Saturday, February 17, 2007

Important Announcement For Class

The reading this week by Norman Barry is just supposed to be excerpts. I've sent an email to each of you with the excerpted required reading attached to it. I thought I would post here as well just in case you are working on your post for this month and missed your email.

Thursday, February 15, 2007

The Racial Lanscape of America

Recently I read an article in the Washington Post concerning the amount of immigrants working for lawn care companies in America. This piece focuses on immigrants who have come to America to work low-skill jobs. The debate on this has gone on for a while and it seems that most people are of the thought that immigrants who take low-skill work in the U.S. are hurting the economy and creating less of a job market for citizens of the country. I tend to side with the minority of people on this issue.

America has changed substantially over a relatively short period of time. It has come from a well oiled industrial machine into a leading market economy. 50 years ago, working on telephone poles for 10 hours a day was more than enough to support a family and live comfortably. Nowadays, while not losing any respectability, jobs like these have lost a lot of their value. A person trying to support a family and live comfortably on construction salary is going to have a hard time just making ends meat. America as a whole has traded in its hammer and nails for a suit and tie. And most Americans aren’t looking to mow lawns, clean houses, or do road work. They want to be marketing reps, stock brokers, doctors, and lawyers. So, most would agree that immigrants aren’t taking our most highly coveted jobs. That’s not to say every American will work for a big fancy company when they are ready to enter the job market. Policemen, firefighters, truck drivers, and handymen are some of the jobs that will always be needed and highly valued.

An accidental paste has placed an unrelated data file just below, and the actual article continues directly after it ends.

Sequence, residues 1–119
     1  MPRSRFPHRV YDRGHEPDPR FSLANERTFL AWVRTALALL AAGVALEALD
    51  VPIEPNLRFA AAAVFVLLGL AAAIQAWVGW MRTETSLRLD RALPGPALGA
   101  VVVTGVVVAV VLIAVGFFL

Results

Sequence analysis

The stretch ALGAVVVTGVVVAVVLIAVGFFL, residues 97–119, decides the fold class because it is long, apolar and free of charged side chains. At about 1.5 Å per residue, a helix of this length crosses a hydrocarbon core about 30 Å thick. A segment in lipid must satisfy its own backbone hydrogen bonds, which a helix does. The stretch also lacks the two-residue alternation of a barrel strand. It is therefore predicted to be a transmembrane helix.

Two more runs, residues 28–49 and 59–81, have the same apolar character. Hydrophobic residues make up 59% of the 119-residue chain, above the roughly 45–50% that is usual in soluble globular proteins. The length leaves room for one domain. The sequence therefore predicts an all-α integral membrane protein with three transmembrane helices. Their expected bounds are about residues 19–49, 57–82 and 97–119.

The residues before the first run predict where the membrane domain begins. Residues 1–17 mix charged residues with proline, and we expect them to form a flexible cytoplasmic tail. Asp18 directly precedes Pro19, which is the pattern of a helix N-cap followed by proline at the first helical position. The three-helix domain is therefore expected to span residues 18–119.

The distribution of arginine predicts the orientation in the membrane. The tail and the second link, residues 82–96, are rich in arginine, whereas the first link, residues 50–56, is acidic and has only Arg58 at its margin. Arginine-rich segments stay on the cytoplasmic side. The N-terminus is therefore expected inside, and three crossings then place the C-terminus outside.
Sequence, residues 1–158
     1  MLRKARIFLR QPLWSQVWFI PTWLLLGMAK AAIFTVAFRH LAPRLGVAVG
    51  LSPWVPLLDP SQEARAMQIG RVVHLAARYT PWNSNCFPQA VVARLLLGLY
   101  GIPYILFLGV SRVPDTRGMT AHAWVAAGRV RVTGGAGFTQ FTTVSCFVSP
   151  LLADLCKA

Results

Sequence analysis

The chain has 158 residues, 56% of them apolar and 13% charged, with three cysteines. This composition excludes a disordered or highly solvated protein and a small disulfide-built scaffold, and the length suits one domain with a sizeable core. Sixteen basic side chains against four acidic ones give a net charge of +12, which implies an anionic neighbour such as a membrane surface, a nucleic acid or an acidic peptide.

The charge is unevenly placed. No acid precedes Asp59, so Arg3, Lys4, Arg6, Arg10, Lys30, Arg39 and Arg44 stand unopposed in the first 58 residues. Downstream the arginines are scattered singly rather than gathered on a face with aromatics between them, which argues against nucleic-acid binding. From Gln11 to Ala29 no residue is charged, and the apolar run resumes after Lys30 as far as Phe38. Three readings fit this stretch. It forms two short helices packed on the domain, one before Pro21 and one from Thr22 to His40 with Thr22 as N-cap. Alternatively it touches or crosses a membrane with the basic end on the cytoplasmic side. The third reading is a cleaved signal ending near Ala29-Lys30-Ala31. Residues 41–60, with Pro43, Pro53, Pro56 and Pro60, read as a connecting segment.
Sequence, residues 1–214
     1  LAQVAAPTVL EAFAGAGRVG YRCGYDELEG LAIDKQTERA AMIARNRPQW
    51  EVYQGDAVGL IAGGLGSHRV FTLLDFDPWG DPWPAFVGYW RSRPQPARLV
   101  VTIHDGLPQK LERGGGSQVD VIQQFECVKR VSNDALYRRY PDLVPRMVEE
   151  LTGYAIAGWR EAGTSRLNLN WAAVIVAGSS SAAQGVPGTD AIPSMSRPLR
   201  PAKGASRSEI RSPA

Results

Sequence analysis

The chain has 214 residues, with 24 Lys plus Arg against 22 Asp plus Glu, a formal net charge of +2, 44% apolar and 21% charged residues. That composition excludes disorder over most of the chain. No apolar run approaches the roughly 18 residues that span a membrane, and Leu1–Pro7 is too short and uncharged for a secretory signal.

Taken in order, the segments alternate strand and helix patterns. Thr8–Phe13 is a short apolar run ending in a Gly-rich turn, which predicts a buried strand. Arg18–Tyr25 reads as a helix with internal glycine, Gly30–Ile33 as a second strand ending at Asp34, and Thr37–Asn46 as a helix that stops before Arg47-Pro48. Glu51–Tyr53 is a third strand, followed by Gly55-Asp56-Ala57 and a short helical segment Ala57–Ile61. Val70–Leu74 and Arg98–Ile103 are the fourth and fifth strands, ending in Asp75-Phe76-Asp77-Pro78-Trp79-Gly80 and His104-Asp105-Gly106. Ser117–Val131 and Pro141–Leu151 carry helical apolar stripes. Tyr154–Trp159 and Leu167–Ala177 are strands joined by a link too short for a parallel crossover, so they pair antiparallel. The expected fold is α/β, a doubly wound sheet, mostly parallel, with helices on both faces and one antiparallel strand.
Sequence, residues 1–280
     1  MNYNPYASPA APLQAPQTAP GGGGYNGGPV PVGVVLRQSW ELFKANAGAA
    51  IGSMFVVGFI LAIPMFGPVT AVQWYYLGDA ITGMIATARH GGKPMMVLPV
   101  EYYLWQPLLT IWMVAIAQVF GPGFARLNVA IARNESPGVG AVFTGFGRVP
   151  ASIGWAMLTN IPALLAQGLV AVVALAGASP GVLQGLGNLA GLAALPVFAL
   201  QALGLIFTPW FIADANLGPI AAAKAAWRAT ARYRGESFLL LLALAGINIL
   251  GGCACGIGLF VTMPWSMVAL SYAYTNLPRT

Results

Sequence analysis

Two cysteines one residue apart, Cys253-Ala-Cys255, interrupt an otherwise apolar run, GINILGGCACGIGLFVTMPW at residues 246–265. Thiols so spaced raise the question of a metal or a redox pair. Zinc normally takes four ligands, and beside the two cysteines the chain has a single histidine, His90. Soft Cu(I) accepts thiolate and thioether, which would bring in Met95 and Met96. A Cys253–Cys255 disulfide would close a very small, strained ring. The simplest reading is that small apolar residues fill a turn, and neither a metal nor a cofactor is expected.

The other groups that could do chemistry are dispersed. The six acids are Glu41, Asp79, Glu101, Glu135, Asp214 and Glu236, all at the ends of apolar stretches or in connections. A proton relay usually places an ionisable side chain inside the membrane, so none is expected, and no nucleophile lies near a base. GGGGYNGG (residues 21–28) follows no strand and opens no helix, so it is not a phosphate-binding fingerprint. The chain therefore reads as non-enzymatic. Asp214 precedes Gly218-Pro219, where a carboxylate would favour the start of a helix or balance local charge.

But what about young people who are looking for a summer job or something to help get them through college? The fact is that the owners of maid services and small lawn care companies don’t want these part time workers who might leave at the drop of a hat. They want some stability in their business and they get it from immigrants. Most of the people who immigrate into America from the Hispanic countries to the south will work for 5 or more years trying to earn enough capital to either send money home to their families or begin a new life in the States. Since most of these people are uneducated; they take the low-skill jobs that only require two hands and a lot of sweat. Lawn care companies and the like love this because they get hard working individuals who will work for less than most (the owner in the article pays 10 dollars an hour). For Citizens, there is still a plethora of good part time jobs to be had. Restaurants, banks, customer service entities, and others are always looking for hard working individuals who will work part time.

I do understand that with illegal immigration many employers have bad hiring practices. But I really feel that immigrants are taking jobs that most Americans don’t want and doing a great job at them. With the way our society has changed over time, it was only going to be a while before we outsourced physical labor to those who would do it longer, harder, and for less.